A housing strategy that relies on new construction without eviction protections is the policy equivalent of running uphill in an avalanche. (Jessica Christian/S.F. Examiner)

A housing strategy that relies on new construction without eviction protections is the policy equivalent of running uphill in an avalanche. (Jessica Christian/S.F. Examiner)

A big week for tenants’ rights


Last month, I argued that affordability and displacement are related but distinct problems, like heat and humidity. As if manifested from my vision board, the Planning Department presented the Housing Balance Report required by 2014’s Proposition K. Not only is San Francisco failing to achieve affordable housing production targets set by Prop. K and the Housing Element, but the net gain of new affordable housing is also mostly erased by evictions.

In the last decade, there were 4,182 no-fault, owner move-in or Ellis Act evictions to 6,182 new below-market-rate units. The report demonstrates yet again that a housing strategy that relies on new construction without eviction protections is the policy equivalent of running uphill in an avalanche. Or hitting the Sizzler buffet with an infestation of tapeworms. You’ll be full of shrimp and cheesy toast but never nourished. Worse, it places the needs of hypothetical future residents above the suffering of actual people whose lives are being wrecked right now.

Trying to reduce displacement across the Bay Area, the Alameda City Council voted this week for just-cause eviction, while a rent-control measure was defeated in Santa Rosa. After the Santa Rosa City Council passed rent control, the California Apartment Association put Measure C on the ballot to defeat it. The No on C campaign attacked rent control for not solving homelessness or building affordable housing, which it does not do.

The Association of Realtors spent almost a million dollars getting to No, in an election with 35 percent turnout. The Santa Rosa Press-Democrat reported that just-cause eviction in the rent-control law was “offensive” to landlords, who felt burdened by needing to justify driving people from their homes.

The East Bay Citizen reports that consultant John Whitehurst may now work on behalf of Alameda landlords to overturn just-cause eviction at the ballot.

Aside from the abomination of special elections, the Association of Realtors and the California Apartment Association spend fortunes on misinformation in every election. It is hard to outspend the other side by more than five to one and lose. These are the same cabals blocking state level reform of the Ellis Act, Proposition 13 and Costa-Hawkins, which would actually solve both the affordability and displacement crises.

Sometimes all adversaries look the same, but developers are not universally the enemy.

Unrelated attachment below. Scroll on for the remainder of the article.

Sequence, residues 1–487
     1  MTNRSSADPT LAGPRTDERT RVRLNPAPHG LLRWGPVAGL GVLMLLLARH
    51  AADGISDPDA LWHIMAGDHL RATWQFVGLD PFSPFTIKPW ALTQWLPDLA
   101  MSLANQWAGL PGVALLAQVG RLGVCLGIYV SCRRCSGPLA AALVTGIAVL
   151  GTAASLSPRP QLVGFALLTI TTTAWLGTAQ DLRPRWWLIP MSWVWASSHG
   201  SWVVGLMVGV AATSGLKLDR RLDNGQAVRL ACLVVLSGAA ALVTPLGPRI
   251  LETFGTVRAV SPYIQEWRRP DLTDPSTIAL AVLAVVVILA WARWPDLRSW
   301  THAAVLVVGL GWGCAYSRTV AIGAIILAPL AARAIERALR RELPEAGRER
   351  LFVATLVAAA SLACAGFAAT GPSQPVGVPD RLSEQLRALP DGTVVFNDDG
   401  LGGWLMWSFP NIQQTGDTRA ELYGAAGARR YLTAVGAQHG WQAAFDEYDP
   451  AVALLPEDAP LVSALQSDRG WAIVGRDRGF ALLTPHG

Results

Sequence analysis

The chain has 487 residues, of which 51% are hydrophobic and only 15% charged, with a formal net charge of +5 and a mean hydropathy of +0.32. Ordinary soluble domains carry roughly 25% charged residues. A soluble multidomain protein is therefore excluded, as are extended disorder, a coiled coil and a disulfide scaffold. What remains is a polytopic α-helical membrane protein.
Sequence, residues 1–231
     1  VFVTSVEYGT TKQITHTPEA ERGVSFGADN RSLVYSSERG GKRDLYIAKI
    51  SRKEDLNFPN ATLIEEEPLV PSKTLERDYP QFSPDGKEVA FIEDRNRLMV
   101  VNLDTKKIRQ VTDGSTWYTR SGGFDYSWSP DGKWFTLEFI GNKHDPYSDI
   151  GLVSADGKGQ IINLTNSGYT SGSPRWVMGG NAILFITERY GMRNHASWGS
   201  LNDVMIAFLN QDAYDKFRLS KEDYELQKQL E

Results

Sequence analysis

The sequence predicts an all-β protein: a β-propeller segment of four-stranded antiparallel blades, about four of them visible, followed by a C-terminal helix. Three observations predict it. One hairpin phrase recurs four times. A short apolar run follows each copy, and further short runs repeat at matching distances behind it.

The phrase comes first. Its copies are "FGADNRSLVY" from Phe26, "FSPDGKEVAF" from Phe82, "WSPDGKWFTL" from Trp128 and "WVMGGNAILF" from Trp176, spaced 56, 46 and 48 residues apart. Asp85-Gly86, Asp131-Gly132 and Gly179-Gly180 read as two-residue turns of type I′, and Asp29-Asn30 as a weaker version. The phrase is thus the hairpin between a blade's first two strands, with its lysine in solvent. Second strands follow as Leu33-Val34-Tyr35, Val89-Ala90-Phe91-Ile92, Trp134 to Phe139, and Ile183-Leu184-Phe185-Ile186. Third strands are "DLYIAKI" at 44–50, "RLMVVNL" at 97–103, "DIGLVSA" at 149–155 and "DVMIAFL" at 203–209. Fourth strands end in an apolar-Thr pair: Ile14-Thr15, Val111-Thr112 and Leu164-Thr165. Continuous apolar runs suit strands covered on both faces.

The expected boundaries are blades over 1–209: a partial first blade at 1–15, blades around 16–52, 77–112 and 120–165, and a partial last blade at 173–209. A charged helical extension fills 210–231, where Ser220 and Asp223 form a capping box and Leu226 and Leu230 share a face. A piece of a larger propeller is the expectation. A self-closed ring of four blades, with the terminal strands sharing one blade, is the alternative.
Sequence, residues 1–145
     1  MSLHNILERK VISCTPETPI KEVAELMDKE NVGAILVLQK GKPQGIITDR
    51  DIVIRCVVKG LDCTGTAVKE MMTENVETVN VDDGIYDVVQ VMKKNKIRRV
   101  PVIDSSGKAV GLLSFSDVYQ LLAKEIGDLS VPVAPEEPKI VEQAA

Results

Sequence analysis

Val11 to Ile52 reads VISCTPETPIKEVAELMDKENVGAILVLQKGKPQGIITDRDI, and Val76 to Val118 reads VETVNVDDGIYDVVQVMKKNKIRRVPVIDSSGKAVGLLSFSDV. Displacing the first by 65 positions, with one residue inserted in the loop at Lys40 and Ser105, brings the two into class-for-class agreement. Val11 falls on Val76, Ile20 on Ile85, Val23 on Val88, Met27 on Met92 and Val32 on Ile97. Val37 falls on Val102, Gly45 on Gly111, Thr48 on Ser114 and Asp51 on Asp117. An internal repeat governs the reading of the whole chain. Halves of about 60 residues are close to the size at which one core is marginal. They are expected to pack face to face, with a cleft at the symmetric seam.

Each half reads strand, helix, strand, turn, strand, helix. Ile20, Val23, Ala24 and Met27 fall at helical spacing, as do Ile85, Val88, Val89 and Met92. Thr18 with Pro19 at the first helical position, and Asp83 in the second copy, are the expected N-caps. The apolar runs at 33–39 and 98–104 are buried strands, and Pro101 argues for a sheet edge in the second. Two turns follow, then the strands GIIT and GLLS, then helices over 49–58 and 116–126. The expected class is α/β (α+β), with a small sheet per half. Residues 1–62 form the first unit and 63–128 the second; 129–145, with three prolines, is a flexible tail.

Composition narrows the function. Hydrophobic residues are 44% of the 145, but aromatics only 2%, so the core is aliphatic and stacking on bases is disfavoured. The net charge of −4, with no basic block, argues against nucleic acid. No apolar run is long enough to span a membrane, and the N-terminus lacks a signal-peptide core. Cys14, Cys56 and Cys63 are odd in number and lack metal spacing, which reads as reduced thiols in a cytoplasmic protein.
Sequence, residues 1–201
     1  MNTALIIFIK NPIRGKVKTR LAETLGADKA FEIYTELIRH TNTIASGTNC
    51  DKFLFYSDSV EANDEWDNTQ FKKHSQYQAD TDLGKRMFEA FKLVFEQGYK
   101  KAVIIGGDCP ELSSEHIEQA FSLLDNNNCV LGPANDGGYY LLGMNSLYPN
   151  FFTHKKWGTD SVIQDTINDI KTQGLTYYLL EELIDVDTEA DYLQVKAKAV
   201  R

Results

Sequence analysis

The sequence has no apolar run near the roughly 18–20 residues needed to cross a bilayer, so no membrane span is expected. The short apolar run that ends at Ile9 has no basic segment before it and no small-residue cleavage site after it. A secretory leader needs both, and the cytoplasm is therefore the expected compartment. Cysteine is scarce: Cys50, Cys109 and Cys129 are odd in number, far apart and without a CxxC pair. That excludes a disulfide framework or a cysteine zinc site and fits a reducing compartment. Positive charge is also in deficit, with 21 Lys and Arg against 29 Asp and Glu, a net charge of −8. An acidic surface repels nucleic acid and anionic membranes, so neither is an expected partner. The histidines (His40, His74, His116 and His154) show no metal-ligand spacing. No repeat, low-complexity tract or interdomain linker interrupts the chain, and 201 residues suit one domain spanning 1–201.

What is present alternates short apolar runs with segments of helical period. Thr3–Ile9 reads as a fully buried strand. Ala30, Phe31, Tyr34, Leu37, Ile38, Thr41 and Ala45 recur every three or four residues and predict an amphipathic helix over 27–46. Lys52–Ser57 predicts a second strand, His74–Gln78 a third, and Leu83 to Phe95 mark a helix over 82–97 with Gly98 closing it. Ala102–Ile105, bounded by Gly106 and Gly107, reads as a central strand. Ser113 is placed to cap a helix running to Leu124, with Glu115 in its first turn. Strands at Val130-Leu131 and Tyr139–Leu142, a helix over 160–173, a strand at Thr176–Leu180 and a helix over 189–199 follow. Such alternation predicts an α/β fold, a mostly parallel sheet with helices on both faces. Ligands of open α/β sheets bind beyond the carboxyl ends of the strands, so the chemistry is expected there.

With all the construction projects involving negotiated community benefits and affordable housing, many developers are purely transactional. Some developers are imperious clods who just want to railroad communities into swallowing poison, and most could afford more affordable housing and more benefits than they provide, but many will wheel and deal. On the other hand, the Realtors and Apartment Association are implacable. There is never common ground between them and renters. Realtors are in the proverbial back room, toasting cognac “to evil!” At least tech companies make stuff we use that looks cool.

In the last few years, there were rent-control and/or just-cause eviction campaigns in Santa Rosa, Richmond, Alameda, Mountain View, Burlingame and San Mateo. Besides the trade groups, a few moguls are bankrolling most of the anti-tenant/pro-displacement campaigns in the Bay Area. They’re all on the Peninsula.

For instance, Woodmont Real Estate Services of Belmont has given to all the anti-tenant campaigns, in an amount north of $325,000. They’re a property management firm that boasts 12,000 multi-family units and $4.5 billion in assets. Woodmont’s CEO, Ron Granville, plays a prominent role in the California Apartment Association and works closely with the moderate — read: pro-corporate — Democrats in the State Assembly. Or Prometheus Real Estate Group of San Mateo, which owns or manages upwards of 20,000 units. They kicked in $250,000 to keep renters in their place. You never can have enough billions.

Prometheus is aptly named: Renting in California is indeed much like being condemned to spend eternity having your liver eaten by an eagle on a mountain. Some day, their torment will end.

Nato Green is a tinker, comedian, organizer, spy. See him live with Sara Schaefer at Doc’s Lab on Monday, June 12. He is the president of Small Property Owners for Reasonable Controls, or SPORC, a fake PAC of pro-renter landlords.

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